The Kura - Japanese Art Treasures

Robert Mangold has been working with Japanese antiques since 1995 with an emphasis on ceramics, Paintings, Armour and Buddhist furniture.
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Scholars at Liesure, Scroll by Tessai, Hyakunen, Chokunyu…

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Directory: Archives: Regional Art: Asian: Japanese: Pre 1900: Item # 1372683

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The Kura
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817-2 Kannonji Monzen-cho
Kamigyo-ku Kyoto 602-8385
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A most exciting find, a scroll by five of the greatest scholar-painters of the Meiji period, Tanomura Chokunyu, Suzuki Hyakunen, Tomioka Tessai, Nyoi Sanjin and Yamanaka Shinten-o; all of whom resided in Kyoto during the Meiji period. Ink on paper in a brown cloth border befitting the Daoist figures. It comes in an annotated by by Tessai from 1911. The scroll is 29-1/4 x 75-1/2 inches (74 x 192 cm) and is in excellent condition.
Nyoi Sanjin (Tani Tetsuomi, 1822-1905) was born the son of a Doctor serving the powerful Ii clan of the Hikone fief on the Tokaido road between Kyoto and Tokyo. Trained as a samurai and a doctor (including Western medicine in Nagasaki), he sided with the imperialist cause during the troubled times of the 1850s and 60s while working as a Doctor in Hikone. He served in governmental posts after the restoration of the Emperor in 1867, retiring to Kyoto in the 1880s.
Suzuki Hyakunen (1825-1891) was born in Kyoto and studied under Yokoyama Kakei. He served as a professor at the Kyoto Prefectural School of Painting (modern University of Art) and thus mentor to many young artists of his day, including his own son Suzuki Shonen. Works by him are held in the V&A, Ashmolean, Museum of Fine Arts Boston, Philadelphia Museum of Art, University of Michigan as well as a host of Domestic institutions.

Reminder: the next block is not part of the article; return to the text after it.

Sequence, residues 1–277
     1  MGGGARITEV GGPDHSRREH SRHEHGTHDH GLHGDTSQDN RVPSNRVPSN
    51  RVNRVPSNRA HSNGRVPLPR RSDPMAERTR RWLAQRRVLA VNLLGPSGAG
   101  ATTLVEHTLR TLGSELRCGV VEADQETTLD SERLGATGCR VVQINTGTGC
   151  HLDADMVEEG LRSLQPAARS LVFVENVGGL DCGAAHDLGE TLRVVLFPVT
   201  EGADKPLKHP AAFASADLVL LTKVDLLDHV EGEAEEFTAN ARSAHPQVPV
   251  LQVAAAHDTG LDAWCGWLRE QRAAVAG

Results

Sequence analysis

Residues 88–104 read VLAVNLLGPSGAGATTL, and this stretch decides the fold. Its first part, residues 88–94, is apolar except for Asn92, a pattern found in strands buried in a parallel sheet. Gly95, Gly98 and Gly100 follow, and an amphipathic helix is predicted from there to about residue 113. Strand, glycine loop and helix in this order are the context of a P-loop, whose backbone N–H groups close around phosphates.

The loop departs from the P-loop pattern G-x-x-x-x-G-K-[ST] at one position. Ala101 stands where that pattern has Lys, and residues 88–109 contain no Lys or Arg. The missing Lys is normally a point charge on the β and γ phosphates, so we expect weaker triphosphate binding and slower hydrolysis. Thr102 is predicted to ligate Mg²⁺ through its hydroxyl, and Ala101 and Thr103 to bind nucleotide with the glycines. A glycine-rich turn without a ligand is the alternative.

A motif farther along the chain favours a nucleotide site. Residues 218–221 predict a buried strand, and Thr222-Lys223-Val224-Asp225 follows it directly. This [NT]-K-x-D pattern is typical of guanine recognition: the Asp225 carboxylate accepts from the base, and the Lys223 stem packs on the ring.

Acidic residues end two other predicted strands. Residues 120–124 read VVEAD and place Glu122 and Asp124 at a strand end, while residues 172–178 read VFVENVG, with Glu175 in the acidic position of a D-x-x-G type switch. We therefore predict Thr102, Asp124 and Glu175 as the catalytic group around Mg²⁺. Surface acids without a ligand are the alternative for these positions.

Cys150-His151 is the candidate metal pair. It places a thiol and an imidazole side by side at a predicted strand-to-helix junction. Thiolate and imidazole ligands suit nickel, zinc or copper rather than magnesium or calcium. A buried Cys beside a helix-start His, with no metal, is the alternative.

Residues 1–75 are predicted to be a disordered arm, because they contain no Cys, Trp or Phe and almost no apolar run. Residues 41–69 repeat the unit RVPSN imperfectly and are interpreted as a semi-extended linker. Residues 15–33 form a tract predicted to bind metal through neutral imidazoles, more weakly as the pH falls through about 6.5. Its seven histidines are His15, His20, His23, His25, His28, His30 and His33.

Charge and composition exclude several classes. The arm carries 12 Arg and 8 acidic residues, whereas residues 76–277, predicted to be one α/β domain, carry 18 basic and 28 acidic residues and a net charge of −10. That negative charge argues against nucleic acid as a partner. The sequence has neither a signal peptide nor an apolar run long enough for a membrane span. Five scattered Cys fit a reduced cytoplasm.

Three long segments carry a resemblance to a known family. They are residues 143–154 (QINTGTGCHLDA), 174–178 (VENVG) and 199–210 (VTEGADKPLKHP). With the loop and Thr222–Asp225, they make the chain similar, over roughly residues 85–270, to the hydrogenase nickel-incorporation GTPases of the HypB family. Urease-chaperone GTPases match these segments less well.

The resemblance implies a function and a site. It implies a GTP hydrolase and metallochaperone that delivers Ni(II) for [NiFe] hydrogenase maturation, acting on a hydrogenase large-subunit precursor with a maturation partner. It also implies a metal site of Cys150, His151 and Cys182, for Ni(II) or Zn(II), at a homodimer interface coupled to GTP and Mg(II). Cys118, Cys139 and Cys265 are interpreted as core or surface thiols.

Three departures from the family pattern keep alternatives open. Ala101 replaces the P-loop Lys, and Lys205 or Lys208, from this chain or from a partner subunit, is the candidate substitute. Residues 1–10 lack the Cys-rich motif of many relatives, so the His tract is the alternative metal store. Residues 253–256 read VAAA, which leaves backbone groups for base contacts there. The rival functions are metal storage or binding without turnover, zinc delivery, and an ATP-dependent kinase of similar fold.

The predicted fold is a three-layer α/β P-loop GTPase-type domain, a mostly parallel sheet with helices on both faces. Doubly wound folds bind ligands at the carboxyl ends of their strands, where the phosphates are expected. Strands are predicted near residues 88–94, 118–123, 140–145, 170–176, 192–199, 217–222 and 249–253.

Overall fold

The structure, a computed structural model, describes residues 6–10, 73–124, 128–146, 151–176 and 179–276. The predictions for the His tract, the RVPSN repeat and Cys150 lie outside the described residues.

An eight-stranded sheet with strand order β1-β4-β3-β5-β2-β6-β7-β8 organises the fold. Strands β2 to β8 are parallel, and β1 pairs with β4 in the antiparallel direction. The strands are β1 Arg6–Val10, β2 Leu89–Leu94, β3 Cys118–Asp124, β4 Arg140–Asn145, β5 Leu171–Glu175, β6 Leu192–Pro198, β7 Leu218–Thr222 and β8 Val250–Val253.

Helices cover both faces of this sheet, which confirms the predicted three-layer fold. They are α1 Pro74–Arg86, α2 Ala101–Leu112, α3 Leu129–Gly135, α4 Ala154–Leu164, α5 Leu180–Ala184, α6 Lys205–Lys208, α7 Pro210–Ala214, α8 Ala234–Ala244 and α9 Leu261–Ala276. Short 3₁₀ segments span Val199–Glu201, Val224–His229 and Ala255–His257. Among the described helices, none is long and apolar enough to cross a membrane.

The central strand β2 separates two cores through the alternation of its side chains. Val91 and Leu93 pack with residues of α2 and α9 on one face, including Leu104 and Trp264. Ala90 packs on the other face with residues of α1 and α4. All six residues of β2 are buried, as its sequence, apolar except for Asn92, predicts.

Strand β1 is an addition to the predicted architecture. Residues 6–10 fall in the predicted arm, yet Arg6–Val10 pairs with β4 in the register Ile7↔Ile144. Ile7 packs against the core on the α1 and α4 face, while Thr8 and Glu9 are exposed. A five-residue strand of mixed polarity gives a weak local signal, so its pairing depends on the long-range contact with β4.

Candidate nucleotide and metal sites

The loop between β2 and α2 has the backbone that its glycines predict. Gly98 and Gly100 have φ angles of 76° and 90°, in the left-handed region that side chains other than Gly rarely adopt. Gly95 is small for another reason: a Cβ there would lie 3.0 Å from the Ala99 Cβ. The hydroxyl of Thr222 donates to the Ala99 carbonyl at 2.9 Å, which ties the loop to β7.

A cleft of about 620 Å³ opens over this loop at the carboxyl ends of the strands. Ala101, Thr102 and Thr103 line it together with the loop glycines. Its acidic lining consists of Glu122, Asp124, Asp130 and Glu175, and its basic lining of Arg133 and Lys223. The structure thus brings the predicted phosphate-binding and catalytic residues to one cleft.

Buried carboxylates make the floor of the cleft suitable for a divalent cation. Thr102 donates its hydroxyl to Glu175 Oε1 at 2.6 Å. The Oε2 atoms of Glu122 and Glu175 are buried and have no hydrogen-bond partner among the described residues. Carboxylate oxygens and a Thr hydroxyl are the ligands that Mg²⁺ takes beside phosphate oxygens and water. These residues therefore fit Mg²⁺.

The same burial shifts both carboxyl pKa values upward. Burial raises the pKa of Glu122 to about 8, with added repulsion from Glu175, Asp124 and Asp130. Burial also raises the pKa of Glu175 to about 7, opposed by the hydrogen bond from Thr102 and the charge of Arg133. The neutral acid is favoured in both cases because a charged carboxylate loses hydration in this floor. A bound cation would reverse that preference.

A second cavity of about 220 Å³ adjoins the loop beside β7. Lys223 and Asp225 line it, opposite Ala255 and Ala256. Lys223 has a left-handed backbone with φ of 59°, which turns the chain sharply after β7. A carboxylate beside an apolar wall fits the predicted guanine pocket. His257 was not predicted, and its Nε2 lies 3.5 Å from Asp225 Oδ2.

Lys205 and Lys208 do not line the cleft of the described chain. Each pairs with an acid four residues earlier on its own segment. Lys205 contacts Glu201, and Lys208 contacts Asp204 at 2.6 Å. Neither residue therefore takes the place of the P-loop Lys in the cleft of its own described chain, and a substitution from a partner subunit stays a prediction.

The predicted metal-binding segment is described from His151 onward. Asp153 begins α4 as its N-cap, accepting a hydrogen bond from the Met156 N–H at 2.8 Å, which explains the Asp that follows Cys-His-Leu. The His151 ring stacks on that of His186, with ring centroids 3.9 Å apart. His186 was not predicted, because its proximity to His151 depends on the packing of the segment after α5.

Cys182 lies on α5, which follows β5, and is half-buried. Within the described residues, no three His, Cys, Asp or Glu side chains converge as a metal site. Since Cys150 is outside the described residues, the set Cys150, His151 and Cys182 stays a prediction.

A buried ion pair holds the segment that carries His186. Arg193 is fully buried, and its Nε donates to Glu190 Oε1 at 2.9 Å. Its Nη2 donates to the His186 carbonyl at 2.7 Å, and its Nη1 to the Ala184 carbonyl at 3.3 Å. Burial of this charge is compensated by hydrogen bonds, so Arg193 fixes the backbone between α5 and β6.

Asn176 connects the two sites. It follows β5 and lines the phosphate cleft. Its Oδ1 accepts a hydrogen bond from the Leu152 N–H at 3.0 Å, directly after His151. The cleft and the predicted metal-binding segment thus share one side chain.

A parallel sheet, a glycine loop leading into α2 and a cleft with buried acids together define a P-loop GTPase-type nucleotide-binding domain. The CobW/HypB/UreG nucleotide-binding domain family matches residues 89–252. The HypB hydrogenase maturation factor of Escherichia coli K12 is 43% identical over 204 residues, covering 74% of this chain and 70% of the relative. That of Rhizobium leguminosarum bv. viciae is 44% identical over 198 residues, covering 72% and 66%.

Tanomura Chokunyu (1814-1907) was born in Oita (the Oka Feif) and studied initially under Okamoto Baisetsu before moving to paint under the famous literatus Tanomura Chikuden (1777-1835), who adopted him as a son and had a very strong influence on the young artist. Upon Chikudens death he also studied briefly under Oshio Chusai (1792-1837) then finally ventured out on his own upon that teachers passing. He moved to Kyoto, where he helped found the Kyoto Municipal School of painting and eventually withdrew from the world, becoming an Obaku Zen Monk in 1902.
Tomioka Tessai (1837-1924)was a scholar artist trained from age seven in the traditional Confucian manner. After the death of his father he was apprenticed to a Shinto shrine, and later was forced to escape the capitol to Kyushu to avoid arrest for anti-governmental actions he had taken on part of the Imperial cause. Here he began serious study of Literati painting and furthered his scholarly research. Upon returning to Kyoto he was befriended by and moved to work under Otagaki Rengetsu, from whom he was heavily influenced. He helped to establish the Nihon Nanga-In and held a number of important positions, culminating in being appointed the official painter of the Emperor and a member of the Imperial Art Academy; the highest honor in Japanese Art circles. He is represented in innumerable important collections. Information on this important person is readily available, for more see Scholar Painters of Japan by Cahill (1972), Roberts Dictionary, or a quick internet search will find plenty of reading. He is held in the Tokyo National Museum, Museum of Fine Arts, Boston, Kyoto, V&A etc…
Yamanaka Shinten-o (Seittsu 1822-1885) was born near Nagoya in the village of Higashiura, the second son of a wealthy farming family. After studying in Osaka with scholar Shinozaki Shochiku (1781-1851), he moved after to Kyoto where he became a member of the anti-governmental movement supporting restoration f the Emperor. Following the repression of 1858 when many opposition figures were arrested and executed, Shinten’o went to Ise and studied with Saito Setsudo (1791-1865) for three years before returning to Kyoto. He was an active supporter of imperial loyalists, providing food and money to the troops fighting to establish the new regime. In recognition of his support he was appointed to a series of governmental posts. In 1873 he quit the world of politics to begin a quiet life of scholarly pursuits in the Shimogamo area of Kyoto and established a sprawling villa in Arashiyama so well regarded was that the Meiji Emperor stayed there during his 1877 visit to Kyoto.